Comment below to let us know what YOU’RE thankful for!!
Click on the image above to watch a video about the differences and similarities of Fables and Fairy Tales.
Fables are stories that are passed down, with a good lesson or moral to be learned, and are about animals, plants, or forces of nature that are humanlike. Fairy tales are stories that often involve magical characters, have good and evil characters, and generally start with “once upon a time.”
Click on the video below to hear a story. After you’ve listened to the story, scroll down to answer a couple of questions.
Answer the following questions in the comments below (don’t forget to include your first name and last initial and your school):
- Was this a fable or a fairy tale?
- How do you know? Use reasons from the 1st video.
February is Black History Month, and it’s also the month for the 2022 Winter Olympics. To combine the two, we’re going to learn today about a great African-American Olympian, Jesse Owens.
Who was Jesse Owens?
Track-and-field athlete Jesse Owens won four gold medals at the 1936 Olympic Games. His achievements were important for himself and for many other people at the time. The Games were held in Berlin, Germany. Nazi leader Adolf Hitler was in power there. Nazi banners draped the sports field. The Nazis believed white athletes were best. But Owens proved that they were wrong.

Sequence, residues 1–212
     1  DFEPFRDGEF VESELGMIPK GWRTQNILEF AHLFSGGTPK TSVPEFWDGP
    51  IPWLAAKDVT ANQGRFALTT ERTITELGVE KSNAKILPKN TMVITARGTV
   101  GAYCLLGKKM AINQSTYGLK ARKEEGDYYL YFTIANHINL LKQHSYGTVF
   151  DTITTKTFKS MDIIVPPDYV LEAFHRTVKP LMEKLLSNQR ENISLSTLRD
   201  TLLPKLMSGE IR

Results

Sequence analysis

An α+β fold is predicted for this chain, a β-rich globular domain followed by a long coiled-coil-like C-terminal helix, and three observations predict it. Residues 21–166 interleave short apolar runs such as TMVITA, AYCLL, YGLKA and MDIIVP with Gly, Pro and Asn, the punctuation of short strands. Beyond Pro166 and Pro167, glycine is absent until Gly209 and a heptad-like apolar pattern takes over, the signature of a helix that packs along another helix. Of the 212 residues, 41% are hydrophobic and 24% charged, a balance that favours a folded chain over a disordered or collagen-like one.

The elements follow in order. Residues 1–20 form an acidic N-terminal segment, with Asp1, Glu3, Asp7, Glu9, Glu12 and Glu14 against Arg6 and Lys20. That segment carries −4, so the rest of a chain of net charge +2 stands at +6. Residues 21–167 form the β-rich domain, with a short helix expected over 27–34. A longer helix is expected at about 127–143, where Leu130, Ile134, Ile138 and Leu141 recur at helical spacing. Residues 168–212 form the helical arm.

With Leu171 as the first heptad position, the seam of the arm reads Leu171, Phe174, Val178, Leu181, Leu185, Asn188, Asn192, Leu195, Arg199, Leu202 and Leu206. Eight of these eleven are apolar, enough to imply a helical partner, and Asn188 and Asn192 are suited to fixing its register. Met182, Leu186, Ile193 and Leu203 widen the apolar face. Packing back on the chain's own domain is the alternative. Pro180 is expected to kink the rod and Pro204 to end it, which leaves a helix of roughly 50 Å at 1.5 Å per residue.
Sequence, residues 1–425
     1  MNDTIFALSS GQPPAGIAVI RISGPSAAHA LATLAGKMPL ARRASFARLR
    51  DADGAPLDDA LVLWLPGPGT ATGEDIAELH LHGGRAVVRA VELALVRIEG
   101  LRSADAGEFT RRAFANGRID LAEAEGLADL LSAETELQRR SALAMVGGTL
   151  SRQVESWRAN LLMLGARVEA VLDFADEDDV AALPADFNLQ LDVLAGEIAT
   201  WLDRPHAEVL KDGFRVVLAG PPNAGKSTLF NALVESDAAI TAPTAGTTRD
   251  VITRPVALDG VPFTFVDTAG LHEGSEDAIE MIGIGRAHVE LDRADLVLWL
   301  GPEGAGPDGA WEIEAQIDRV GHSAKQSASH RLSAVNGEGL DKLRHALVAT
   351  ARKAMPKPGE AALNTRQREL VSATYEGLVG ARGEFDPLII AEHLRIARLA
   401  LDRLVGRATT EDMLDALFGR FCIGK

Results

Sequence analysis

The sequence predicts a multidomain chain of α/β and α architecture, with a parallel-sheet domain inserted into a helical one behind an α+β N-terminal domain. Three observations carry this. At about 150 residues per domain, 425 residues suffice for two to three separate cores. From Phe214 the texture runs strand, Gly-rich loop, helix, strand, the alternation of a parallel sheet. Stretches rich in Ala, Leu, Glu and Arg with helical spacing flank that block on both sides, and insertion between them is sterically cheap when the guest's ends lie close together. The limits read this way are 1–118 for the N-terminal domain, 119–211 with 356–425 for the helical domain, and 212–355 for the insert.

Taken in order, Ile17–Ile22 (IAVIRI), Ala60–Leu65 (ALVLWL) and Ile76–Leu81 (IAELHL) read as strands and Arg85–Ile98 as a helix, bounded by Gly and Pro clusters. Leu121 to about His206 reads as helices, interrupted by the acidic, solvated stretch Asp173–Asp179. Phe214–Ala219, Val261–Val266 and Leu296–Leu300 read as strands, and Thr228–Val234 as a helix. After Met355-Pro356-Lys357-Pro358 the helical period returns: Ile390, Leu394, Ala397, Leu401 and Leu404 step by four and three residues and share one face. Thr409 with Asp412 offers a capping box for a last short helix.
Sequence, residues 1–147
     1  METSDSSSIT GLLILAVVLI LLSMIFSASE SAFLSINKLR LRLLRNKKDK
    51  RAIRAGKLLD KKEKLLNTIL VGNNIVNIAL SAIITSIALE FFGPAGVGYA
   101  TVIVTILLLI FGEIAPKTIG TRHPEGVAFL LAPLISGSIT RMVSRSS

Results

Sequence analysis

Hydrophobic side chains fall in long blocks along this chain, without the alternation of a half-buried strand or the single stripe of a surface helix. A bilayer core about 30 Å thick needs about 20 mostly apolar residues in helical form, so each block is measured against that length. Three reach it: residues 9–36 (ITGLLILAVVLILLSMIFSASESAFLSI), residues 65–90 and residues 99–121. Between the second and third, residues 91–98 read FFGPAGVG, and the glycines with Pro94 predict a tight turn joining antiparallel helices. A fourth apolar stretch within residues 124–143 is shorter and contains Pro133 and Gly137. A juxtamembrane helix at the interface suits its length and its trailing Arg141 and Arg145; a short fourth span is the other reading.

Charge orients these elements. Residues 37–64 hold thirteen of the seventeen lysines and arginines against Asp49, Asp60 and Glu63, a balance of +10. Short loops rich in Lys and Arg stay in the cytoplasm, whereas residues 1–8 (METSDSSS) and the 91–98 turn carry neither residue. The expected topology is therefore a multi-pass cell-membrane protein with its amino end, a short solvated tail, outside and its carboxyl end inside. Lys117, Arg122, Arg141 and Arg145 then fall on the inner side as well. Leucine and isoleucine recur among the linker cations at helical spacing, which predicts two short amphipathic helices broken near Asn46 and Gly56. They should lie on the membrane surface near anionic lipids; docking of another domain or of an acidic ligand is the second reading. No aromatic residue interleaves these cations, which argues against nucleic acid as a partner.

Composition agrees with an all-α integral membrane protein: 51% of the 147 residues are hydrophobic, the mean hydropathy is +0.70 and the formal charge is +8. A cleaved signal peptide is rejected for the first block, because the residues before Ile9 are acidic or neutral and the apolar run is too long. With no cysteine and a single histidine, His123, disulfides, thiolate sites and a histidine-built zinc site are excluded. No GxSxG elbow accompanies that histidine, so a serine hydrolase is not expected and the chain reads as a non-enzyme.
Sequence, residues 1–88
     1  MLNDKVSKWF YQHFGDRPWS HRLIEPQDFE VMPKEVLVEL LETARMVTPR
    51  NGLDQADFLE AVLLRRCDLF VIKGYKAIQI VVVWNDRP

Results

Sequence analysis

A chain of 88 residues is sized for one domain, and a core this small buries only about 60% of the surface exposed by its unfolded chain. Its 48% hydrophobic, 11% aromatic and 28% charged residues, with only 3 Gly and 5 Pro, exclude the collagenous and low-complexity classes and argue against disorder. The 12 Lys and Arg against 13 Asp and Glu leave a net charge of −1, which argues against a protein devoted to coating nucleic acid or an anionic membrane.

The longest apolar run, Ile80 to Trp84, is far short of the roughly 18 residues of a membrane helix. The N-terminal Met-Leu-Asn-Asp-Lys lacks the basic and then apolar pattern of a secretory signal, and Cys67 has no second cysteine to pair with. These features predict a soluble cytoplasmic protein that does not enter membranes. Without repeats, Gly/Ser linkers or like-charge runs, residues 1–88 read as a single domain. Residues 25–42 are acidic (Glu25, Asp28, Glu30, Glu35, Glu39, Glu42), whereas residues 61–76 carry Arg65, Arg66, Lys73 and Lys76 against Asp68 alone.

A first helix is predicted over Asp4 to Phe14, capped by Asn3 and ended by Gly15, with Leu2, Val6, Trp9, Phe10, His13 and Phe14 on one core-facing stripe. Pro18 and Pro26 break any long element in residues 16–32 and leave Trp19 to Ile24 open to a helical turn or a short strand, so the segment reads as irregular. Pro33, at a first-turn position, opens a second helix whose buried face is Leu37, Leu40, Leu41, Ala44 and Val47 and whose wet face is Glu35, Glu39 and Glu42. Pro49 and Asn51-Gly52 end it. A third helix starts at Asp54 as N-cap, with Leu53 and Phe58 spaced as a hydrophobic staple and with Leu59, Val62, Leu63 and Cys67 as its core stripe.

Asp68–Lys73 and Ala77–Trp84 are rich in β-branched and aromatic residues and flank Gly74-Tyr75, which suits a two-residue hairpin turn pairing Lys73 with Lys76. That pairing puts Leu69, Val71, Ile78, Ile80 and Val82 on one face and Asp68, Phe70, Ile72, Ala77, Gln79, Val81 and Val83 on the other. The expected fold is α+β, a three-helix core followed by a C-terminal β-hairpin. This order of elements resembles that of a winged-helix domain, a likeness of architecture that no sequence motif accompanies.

James Cleveland Owens was born in Oakville, Alabama, on September 12, 1913. His family later moved to Cleveland, Ohio, in search of better opportunities.
Jesse became a track star at a young age. In 1928 he set track records in the high jump and the running broad jump (long jump). In 1933, while he was in high school, he broke three other records. He then went to Ohio State University.
In the Olympics Owens won gold medals for the running broad jump, the 100- and 200-meter races, and the 4 × 100-meter team relay. He also set new Olympic and world records.
Owens graduated from college in 1937 and worked for the Illinois Athletic Commission. He later got involved in guidance activities for young boys. He also made goodwill visits to countries in Asia for the U.S. government. Owens died in Phoenix, Arizona, on March 31, 1980.
To learn more about Jesse Owens, watch the video below.
What is the most important thing you learned about Jesse Owens? Comment below.
Halloween only comes once a year. It is sad, except that you probably have a lot of candy at home to cheer you up for a few weeks!
My son and I like to sort our Halloween candy in different ways!
You could sort them by size:
Or, by wrapper color!
If you want to try sorting your candy these ways, click here for the labels!
Or, try sorting by type of candy and fill in a graph like this!
How did you sort your candy? Comment below!